The vast majority of this is for Policy Debate, because that's where I spend the most time judging. This, obviously has nothing to do with how I judge BP/WUDC, and to a lesser degree formats like LD. If you have questions, I'm happy to chat.

Cliff Notes Version (expanded explanations below): 
- Default Paradigm: Policymaker 
- Speed: Fine... but not necessary. Slow & smart can easily beat fast & mediocre. 
- Clarity: A Must... If I can't understand you, it doesn't make my flow. Not on my flow, it can't impact my decision. 
- Cards/Analytics are more important to me than tags & sources of them. 
- Please signpost clearly. 
- Ks: Run at your own risk. Good critical teams can easily win my ballot, but many run them as non-unique DAs and/or don't understand what they are reading.
- PICs (of the topical & non-comp variety): Ditto previous comment. Strategically, I don't really
understand why the Neg would choose to affirm the rez. 
- Theory: I'm game. 
- Multiple Worlds: Weird. Lazy. Strategically Awkward. Confusing. 
- Performance: I'm an advocate with caveats...
- Generic DAs: Useful & appropriate. (Specific links, obviously, make them better.) 
- CPs: Can be great if the round warrants it. (Conditionality? Dispositionality? See Theory.) 
- Defense: A solid defense can beat an offensive position. However, offense wins rounds.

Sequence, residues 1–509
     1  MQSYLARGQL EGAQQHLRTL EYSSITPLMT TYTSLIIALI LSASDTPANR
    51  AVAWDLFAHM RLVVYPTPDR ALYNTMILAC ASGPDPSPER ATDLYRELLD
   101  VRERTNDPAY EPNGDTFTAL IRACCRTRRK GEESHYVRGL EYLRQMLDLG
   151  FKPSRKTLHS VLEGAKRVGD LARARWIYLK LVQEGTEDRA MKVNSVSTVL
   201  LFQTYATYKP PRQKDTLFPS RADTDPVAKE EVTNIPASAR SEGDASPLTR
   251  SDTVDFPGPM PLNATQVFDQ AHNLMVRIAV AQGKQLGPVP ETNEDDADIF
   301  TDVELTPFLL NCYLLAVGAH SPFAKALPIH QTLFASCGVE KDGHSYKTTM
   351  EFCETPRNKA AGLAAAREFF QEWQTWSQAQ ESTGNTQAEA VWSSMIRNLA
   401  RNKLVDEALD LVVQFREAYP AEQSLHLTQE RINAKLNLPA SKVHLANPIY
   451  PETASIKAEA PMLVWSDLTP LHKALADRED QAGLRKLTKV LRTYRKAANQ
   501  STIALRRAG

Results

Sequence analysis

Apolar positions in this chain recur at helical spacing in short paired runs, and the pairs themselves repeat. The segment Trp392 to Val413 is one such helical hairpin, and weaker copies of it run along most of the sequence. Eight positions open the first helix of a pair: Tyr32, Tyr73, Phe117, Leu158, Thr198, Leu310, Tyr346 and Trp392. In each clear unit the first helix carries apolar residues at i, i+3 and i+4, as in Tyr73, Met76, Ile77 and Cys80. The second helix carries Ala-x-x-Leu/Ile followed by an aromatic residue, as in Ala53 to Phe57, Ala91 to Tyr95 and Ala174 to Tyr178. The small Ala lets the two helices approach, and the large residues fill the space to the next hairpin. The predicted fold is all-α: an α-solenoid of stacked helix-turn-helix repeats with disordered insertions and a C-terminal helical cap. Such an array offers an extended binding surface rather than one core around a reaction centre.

If you would like a more detailed philosophy, enjoy… It's getting lengthy, but I find really good teams want to know as much as possible about their judges' starting point.

I call myself a "modern policymaker." I prefer hearing debate in a policymaker framework; thus, that is my default paradigm. I do not hold pre-conceived notions over the acceptability of substantive arguments (unless it's offensive). It is possible to mold me into a different paradigm. However, it is the responsibility of the debaters to explain why my "view" is being shifted, along with "how" I am supposed to evaluate the round. If you don't explain, I will evaluate them within the context of my own understanding (using the policymaker perspective).

Speed: Sure. I enjoy (prefer?) fast rounds. However, clarity is key. If you try to speak more quickly than you are capable, many judges cannot flow you. It is extremely rare for a debater to speak faster than I can flow; however, many debaters do not speak clearly enough for me to understand them. (I've sat behind many judges who do not ask you to be clear, but also aren't flowing your speeches. It is in your best interest to be clear.) Also, I don't believe that debate rounds have to be fast. I also don't think that a fast team necessarily beats a slow team. The quality of argumentation/engagement/framing is far more important than speed/delivery.